Edwards, Bill (birth/death dates unknown)

It is probable that Bill Edwards was a slave of the Makah of Cape Flattery who paid a trading visit to Fort Victoria in 1846. Finlayson recorded that on 17 July, 1846 “13 canoes of Cape Flatteries [Makah Indians] arrived” among whom was an American sailor, a “deserter” who “appears to have conformed to the habits” of the Makah traders, “in short as a hired servant.” Slavery among Coastal tribes operated within a prestige and wealth economy, derived through the acquisition of war captives, deserters or shipwrecked sailors. It appears that Bill Edwards lived among the Makah for a year or more, as Finlayson recorded that Edwards’ “partner . . . [is] now in the family way.” When the Makah departed from Fort Victoria on 19 July Edwards chose to remain behind, “conceal[ing] himself until they left.” In February of the following year Edwards sought to leave the fort aboard the American brigantine Henry. Finlayson’s record for 16 February, 1847, notes: “this morning [Bill Edwards] solicited & obtained leave to join his countrymen.” Edwards’ countrymen were present enough along coastal regions hunting for whales, and trading at Neah Bay (Cape Flattery).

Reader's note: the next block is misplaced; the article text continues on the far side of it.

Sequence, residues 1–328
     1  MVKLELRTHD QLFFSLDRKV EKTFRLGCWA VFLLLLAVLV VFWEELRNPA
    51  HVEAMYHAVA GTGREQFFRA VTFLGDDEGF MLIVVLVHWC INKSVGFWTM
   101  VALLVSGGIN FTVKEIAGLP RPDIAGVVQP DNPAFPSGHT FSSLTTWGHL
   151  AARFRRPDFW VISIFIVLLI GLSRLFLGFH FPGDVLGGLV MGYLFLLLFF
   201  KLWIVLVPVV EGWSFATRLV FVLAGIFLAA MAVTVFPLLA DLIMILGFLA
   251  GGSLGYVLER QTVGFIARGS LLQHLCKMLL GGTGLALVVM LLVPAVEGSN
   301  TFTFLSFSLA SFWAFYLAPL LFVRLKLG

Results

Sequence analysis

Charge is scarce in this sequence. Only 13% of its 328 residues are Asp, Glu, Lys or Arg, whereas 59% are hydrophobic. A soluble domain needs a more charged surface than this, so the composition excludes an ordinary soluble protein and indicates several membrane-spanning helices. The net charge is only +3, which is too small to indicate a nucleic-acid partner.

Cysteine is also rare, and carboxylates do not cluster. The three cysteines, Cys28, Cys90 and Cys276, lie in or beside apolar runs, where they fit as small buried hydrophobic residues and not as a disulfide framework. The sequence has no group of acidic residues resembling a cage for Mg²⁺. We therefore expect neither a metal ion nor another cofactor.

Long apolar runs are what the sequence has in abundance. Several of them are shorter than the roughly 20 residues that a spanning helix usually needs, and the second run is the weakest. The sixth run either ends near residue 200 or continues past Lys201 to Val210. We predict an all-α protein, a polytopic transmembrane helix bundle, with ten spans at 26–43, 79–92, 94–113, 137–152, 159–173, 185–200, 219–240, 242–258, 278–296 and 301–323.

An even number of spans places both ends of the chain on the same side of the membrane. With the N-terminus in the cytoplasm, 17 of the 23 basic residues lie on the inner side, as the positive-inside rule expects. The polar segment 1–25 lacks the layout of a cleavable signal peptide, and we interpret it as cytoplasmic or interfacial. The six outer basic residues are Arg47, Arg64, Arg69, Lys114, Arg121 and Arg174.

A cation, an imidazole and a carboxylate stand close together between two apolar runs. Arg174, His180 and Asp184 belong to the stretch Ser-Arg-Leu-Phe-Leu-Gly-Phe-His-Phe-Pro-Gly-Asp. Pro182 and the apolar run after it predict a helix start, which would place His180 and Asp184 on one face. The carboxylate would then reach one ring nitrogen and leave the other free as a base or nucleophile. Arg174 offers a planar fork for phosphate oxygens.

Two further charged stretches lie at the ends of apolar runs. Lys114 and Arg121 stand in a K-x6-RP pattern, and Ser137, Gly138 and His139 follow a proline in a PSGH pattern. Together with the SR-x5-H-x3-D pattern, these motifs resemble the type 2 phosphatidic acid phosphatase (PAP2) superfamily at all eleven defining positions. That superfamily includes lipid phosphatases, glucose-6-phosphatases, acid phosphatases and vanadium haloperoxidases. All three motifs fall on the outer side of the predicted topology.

• Donald, Leland. Aboriginal Slavery on the Northwest Coast of North America. Berkeley and Los Angeles: University of California Press, 1997.
  • Mackie, Richard Somerset. “The Hudson’s Bay Company on the Pacific, 1821-1843.” PhD. Thesis, University of British Columbia, 1993.
  • Webb, Robert Lloyd. On the Northwest: Commercial Whaling in the Pacific Northwest, 1790-1967. Vancouver: University of British Columbia, 1988.
Frederick Gentz